BRUNSWICK — The Town Council adopted a $53.4 million spending plan for fiscal 2011, a budget that includes laying off two high-profile municipal employees.
The two employees, Vanessa Levesque, the natural resources planner, and Craig Worth, the deputy director of Public Works, led to a divided 6-3 budget vote, as separate attempts to restore the positions were struck down by the majority.
The spending plan will require a 1.46 percent increase in property taxes, bumping the mil rate from $22.54 per $1,000 of assessed value to $22.87.
Adoption of the budget also included a $33.3 million spending plan for the School Department, about $55,500 over the state’s Essential Program and Services recommendation.
The school budget recently generated controversy for its elimination of freshman sports at Brunswick High School. The shedding of several teaching and administrative positions, however, sparked far less attention from residents.
That wasn’t the case for Levesque and Worth, whose retention drew support from a significant contingent of residents and town committee members. Three councilors, Ben Tucker, Benet Pols and Vice Chairwoman Debbie Atwood attempted to restore those positions the 2011 budget, but both motions were defeated, 6-3, on May 27.
Levesque earned more than $42,000 in fiscal 2010, while Worth made more than $76,000. Combined, their salaries equaled about $118,000 – less than half of 1 percent in property tax revenue.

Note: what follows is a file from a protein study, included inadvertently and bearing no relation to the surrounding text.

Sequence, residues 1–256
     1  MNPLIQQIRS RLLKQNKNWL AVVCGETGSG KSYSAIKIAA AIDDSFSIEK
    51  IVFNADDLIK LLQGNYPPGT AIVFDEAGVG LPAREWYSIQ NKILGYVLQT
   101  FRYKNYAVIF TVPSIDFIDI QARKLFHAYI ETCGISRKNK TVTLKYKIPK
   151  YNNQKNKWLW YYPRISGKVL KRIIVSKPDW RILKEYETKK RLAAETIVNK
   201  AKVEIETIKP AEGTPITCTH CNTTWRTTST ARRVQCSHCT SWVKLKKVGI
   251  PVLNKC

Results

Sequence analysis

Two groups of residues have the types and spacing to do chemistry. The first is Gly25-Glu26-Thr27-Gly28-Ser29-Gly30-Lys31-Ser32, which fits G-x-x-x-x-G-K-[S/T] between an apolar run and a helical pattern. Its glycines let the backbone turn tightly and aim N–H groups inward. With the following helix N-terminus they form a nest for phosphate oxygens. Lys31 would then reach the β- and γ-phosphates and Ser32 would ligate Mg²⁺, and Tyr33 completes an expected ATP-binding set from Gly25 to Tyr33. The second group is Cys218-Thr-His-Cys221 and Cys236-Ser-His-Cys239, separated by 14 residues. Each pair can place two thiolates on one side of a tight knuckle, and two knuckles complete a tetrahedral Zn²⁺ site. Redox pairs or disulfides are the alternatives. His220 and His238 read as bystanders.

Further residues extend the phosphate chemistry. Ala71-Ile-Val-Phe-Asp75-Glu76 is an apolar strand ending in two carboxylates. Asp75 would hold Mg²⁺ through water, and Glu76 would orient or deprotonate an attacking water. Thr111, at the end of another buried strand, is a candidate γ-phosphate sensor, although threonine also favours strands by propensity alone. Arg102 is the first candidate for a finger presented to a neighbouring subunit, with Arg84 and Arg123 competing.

Although the council had originally contemplated a budget with a 2 percent property tax increase, the majority had hoped to go lower, arguing that the town was destined for more financial hardship following the 2011 closure of Brunswick Naval Air Station.
But the minority said base closure would likely necessitate the need for more town staff, especially as it takes on more property and attempts to delineate developable land with Bowdoin College on the west side of the base.
In an earlier budget hearing, Pols worried that laying off Levesque would leave the town without an experienced advocate in the discussions about natural resources. Leaving the determination to Bowdoin’s attorneys, Pols said, is like “the fox guarding the hen house.”
The majority of councilors worried about so-called legacy costs associated with retaining employees who could be replaced by outside contractors. Several argued the town is protected by its ordinances. However, the minority argued that those laws are not self-executing, and that staff is required for enforcement.
The budget deliberations highlighted differences among the council struggling to tackle a $1.97 million gap brought on by $1.4 million revenue loss – mostly due to slashes in state revenue sharing – and increased expenditures.
The Brunswick school budget will undergo one last test on Tuesday, June 8, when voters will be asked ratify it under the state’s school budget adoption law.
Steve Mistler can be reached at 373-9060 ext. 123 or firstname.lastname@example.org